“My guess is what you’re going to have in Iraq is not another Iran,” Jon Alterman of the Center for Strategic and International Studies in Washington told NPR. “But … you’ll have something different and … in the longer term, Iran may become more like Iraq, where you certainly will have clerical influence on government, but you won’t have clerical control over the government.”

Opposing the Shiites in Iraq has been a minority of Sunnis who call for a boycott of the elections in protest of potential Shiite rule. A small group of Sunnis, led by Jordanian militant Abu Musab al-Zarqawi, has also carried out violent attacks in attempts to thwart the election process.

“We have declared a bitter war against the principle of democracy and all those who seek to enact it,” a speaker identified as al-Zarqawi said in an audiotape on the Internet.

“Those who vote … are infidels,” he said. “You have to be careful of the enemy’s plots that involve applying democracy in your country and confront these plots, because they only want to do so to … give the [Shiite] rejectionists the rule of Iraq.”

According to Larry Diamond, senior fellow at Stanford University’s Hoover Institution, violence and threats of a boycott by Sunnis could threaten the legitimacy of the elections and cause insurgencies to increase.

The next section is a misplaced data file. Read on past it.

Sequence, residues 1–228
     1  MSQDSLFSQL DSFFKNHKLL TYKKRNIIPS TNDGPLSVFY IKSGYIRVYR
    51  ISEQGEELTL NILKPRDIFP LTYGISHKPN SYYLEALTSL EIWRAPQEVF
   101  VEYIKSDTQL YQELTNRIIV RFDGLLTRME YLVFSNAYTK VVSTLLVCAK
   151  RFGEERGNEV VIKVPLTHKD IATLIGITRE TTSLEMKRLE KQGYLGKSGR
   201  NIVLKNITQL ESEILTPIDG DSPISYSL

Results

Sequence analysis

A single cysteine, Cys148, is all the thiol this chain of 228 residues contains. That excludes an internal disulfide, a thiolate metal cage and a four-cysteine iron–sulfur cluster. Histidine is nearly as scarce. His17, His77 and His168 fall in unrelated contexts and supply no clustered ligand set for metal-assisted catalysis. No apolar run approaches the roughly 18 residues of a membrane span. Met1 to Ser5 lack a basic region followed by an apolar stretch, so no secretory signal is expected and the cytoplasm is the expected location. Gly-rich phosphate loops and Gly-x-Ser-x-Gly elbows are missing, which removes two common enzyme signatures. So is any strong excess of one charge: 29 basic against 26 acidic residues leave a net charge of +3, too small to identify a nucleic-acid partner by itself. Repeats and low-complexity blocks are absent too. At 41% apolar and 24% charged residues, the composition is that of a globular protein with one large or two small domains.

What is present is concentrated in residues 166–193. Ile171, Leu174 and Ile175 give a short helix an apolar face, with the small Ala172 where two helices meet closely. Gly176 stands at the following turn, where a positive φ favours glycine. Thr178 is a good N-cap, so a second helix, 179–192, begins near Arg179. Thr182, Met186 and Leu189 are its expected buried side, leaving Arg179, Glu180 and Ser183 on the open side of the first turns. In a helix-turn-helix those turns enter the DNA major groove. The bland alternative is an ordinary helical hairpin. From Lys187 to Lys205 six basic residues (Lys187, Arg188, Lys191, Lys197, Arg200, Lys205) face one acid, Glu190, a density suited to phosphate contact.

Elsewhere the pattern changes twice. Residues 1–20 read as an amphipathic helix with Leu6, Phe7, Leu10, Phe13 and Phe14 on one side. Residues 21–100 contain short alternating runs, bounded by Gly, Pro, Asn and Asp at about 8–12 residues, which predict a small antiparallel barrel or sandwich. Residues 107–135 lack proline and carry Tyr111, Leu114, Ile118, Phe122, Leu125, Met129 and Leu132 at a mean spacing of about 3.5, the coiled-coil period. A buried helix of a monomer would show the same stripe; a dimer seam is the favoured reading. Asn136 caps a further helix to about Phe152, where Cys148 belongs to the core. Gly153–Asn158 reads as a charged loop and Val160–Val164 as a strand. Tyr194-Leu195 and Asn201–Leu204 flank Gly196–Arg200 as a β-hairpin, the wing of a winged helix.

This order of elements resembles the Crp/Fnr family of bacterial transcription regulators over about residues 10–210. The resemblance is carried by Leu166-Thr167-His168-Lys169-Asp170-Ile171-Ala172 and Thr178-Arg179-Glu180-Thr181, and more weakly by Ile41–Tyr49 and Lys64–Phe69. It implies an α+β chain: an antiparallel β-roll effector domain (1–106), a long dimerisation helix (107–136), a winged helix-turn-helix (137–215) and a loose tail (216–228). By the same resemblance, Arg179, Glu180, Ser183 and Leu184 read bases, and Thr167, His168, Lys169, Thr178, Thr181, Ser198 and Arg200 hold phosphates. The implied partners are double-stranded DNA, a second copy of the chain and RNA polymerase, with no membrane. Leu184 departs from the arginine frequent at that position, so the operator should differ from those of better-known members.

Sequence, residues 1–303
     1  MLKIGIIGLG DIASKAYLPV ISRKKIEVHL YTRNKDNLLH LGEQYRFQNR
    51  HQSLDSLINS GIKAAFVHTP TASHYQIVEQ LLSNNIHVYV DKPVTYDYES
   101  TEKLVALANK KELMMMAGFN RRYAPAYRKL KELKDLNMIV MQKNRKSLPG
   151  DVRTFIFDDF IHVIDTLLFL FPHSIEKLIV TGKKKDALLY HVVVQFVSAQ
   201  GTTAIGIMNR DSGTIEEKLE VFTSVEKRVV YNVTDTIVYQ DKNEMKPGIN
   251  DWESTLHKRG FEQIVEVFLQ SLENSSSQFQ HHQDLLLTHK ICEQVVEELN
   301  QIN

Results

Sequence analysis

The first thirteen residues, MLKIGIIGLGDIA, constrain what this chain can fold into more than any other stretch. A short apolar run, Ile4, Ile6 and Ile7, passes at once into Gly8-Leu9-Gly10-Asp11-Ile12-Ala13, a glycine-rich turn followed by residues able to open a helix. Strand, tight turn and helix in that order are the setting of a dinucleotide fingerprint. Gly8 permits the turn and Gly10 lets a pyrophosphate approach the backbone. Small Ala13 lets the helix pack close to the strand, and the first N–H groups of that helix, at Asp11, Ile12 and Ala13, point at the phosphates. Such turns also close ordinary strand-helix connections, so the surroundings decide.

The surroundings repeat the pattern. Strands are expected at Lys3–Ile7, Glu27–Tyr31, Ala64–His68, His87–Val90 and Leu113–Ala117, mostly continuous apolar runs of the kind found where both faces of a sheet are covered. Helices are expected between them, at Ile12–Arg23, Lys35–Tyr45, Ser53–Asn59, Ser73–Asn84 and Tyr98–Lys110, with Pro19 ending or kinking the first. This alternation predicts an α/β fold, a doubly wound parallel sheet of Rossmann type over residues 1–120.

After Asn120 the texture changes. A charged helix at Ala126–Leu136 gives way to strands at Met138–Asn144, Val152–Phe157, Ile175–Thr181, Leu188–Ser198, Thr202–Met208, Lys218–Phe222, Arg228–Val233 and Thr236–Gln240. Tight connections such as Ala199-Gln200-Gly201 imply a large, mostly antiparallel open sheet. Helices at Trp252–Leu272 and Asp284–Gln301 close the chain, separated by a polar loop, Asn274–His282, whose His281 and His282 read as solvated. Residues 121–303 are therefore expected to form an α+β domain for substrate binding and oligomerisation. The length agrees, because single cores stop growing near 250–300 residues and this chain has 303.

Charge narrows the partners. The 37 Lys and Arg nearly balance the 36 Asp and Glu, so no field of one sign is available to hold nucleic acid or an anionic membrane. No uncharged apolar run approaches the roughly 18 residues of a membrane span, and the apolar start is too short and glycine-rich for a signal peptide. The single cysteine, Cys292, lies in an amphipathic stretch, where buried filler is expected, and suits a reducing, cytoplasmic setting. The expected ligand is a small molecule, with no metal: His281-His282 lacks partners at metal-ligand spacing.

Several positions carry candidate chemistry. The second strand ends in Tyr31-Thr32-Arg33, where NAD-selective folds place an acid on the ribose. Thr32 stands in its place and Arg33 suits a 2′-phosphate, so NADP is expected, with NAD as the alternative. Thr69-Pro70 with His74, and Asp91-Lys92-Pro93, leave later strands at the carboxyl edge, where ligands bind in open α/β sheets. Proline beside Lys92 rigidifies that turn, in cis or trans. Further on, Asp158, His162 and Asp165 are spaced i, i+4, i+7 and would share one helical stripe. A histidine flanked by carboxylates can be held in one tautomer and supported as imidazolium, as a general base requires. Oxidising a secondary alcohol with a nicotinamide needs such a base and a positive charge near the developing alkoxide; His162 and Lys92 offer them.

“If Sunni Arabs wind up constituting only 5 or 10 percent of the electorate, they will reject the legitimacy of the parliament just as they’ve rejected the legitimacy of the election itself,” Diamond told NPR. “It certainly will stimulate, entrench and probably inflame the insurgency. I think we will possibly see, if one can imagine it, even worse violence.”

To combat the possibilities of violence and radical Islamic domination in Iraq, Christians must pray for the elections to be peaceful and effective, Shahid said. Christians should also pray “that the church [in Iraq] will enjoy the freedom to worship and preach the Gospel,” he said.

“I hope that everything goes well and that Iraq will become a model for democracy for the entire Middle East,” he added.